One of the busiest streets in Roxas City is Hemingway Street, where cars and motorcycles pass by every time they apply or renew their licenses at the Land Transportation Office-Roxas City.
Hemingway Street is said to be named after F.E. Hemingway, the Capiz Schools Division Superintendent who established the Capiz Trade School, now the Capiz State University-Main Campus, in 1917.
But was there FE Hemingway in Capiz history? The answer is negative.
To my surprise, there is no American teacher named Hemingway assigned in Capiz.
But upon careful examination, it appears that it was a typographical error. My finding was corroborated by Dominador Ilio’s Guerrilla Memoirs (1993) where he mentioned Hemenway heights.
So who is this Hemenway? Francis Ellis Hemenway was born on September 4, 1877, in Barre, Massachusetts, where he studied at public schools and graduated his high school in 1897.
He then went to the Amherst Agricultural College for one year, and he transferred in 1898 to study at Boston University College of Liberal Arts where he finished the four-year course in three years and obtain his Bachelor in Philosophy.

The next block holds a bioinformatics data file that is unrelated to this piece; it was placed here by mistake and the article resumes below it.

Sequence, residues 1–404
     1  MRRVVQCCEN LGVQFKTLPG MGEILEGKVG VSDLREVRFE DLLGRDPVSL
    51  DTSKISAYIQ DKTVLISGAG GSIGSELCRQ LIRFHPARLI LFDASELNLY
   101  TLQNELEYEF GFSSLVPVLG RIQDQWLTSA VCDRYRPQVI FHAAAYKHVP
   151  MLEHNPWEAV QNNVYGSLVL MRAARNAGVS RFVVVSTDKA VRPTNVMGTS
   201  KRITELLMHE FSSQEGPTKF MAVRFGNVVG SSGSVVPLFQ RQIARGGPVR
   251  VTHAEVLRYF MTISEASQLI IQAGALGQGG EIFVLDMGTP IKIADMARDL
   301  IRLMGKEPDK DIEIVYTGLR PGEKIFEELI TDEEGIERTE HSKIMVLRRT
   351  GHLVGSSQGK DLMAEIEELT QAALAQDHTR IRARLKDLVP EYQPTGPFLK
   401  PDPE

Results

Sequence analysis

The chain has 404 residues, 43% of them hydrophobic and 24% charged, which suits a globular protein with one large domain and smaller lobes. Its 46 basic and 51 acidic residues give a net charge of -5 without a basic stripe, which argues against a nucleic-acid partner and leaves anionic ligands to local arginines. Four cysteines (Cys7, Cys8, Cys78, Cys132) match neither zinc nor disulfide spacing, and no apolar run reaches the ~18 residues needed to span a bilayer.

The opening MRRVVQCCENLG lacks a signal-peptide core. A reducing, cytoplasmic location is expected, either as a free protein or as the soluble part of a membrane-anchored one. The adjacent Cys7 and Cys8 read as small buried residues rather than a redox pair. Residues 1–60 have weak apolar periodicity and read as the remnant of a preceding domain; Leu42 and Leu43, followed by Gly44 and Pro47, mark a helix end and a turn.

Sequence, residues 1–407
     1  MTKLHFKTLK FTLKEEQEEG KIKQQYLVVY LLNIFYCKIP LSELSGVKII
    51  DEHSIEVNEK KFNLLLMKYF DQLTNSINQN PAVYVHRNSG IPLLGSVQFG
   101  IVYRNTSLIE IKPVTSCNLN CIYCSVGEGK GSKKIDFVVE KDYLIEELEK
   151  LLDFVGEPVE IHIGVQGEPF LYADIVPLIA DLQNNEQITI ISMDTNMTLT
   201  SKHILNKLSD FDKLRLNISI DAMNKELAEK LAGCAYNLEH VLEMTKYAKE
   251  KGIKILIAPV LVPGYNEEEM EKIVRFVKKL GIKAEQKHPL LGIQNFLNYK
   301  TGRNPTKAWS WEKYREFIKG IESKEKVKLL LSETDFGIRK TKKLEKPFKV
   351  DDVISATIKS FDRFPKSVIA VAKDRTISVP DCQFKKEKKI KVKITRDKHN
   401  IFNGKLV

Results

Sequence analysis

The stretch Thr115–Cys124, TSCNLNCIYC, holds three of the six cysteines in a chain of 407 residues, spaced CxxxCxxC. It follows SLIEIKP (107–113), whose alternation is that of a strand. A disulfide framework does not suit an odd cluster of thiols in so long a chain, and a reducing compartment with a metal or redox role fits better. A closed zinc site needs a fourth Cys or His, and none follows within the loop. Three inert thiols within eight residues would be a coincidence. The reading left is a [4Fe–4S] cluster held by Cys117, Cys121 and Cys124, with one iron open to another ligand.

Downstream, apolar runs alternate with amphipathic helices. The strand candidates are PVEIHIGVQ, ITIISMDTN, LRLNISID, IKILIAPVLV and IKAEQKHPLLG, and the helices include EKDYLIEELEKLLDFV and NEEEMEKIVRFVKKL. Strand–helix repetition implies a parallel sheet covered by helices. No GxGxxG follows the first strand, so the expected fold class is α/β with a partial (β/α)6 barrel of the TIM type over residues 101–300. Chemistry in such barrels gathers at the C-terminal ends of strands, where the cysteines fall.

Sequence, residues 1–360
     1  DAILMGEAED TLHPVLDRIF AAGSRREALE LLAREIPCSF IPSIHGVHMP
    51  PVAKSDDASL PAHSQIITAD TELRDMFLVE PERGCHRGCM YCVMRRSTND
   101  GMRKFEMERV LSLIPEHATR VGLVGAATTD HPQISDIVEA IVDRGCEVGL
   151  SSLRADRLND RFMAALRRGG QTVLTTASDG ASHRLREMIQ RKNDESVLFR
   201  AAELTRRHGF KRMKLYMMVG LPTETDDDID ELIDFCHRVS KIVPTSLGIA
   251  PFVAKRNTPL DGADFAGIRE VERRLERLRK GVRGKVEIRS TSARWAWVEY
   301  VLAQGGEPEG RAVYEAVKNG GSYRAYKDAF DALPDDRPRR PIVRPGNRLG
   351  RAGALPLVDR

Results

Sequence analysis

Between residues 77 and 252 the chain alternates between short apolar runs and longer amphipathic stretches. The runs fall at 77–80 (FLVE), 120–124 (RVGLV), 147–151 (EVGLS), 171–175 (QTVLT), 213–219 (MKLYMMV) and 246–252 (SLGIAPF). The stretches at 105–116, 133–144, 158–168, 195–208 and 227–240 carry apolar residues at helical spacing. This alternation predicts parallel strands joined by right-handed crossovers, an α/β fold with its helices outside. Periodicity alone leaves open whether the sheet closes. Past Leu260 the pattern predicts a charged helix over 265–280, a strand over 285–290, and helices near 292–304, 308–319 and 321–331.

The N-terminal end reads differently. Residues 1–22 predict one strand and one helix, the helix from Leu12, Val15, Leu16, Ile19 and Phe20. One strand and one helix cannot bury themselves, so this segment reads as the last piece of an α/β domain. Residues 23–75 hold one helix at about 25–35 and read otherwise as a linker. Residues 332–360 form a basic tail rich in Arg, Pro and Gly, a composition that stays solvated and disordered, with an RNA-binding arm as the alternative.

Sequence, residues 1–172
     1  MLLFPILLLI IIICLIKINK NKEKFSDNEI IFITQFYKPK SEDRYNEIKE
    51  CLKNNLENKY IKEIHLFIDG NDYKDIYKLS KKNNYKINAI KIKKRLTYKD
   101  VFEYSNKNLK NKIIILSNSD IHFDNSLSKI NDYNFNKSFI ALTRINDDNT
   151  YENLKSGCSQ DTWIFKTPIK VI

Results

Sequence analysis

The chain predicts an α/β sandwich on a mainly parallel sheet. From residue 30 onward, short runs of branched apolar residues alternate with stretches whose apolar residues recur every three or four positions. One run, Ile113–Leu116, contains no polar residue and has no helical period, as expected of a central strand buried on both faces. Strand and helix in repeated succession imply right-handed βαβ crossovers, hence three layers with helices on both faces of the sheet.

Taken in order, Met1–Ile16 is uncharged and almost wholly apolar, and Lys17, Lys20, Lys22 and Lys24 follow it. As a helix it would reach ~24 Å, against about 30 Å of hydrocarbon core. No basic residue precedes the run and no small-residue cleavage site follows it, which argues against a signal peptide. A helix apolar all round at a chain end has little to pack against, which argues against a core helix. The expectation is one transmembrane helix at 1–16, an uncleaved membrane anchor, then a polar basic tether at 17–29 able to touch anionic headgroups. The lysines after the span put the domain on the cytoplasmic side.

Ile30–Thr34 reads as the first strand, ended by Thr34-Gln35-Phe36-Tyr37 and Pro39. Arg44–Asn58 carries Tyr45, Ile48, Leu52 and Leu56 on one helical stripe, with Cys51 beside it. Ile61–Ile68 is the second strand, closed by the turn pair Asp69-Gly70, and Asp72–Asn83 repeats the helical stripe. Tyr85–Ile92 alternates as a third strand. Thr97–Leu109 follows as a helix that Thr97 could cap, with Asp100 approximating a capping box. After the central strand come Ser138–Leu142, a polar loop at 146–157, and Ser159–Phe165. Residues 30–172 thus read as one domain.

On July 23, 1901, the newly graduated Hemenway was one of five hundred plus American teachers who sailed from the United States to the Philippines. They arrived in Manila on August 21, 1901. Hence, he was one of the original Thomasites.
Later on, he was appointed as the Capiz Schools Division Superintendent from 1916 to 1918.
According to his passport application papers, Hemenway stands 5 feet and 8 inches, with blue eyes and a ruddy complexion.
Of many American and Filipino Schools Division Superintendents in Capiz, only Hemenway was given a distinct honor to have his name immortalized in a street in Roxas City.
However, with so much irony his memory was vandalized by putting the wrong person in his stead. Hemingway and Hemenway are two different individuals.
I urged the Roxas City Council to correct this grave error to give justice to a great man and a great educator who have lifted thousands of Capisnons from the bondage of illiteracy and abject ignorance.*